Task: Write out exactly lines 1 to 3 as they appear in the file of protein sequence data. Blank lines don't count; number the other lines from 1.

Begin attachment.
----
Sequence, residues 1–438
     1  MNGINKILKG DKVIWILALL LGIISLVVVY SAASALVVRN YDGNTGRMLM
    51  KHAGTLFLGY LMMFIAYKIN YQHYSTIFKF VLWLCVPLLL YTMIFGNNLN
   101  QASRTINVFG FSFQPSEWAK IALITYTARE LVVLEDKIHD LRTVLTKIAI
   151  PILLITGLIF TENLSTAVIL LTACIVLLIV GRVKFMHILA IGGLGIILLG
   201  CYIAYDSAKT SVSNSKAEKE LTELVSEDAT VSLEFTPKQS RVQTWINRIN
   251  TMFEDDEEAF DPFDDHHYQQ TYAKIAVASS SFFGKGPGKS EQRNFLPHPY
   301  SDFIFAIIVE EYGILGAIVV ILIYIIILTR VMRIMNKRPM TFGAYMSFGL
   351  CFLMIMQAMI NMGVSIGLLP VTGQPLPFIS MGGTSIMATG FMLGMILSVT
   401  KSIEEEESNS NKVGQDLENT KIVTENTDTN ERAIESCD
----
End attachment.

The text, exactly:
Sequence, residues 1–438
     1  MNGINKILKG DKVIWILALL LGIISLVVVY SAASALVVRN YDGNTGRMLM
    51  KHAGTLFLGY LMMFIAYKIN YQHYSTIFKF VLWLCVPLLL YTMIFGNNLN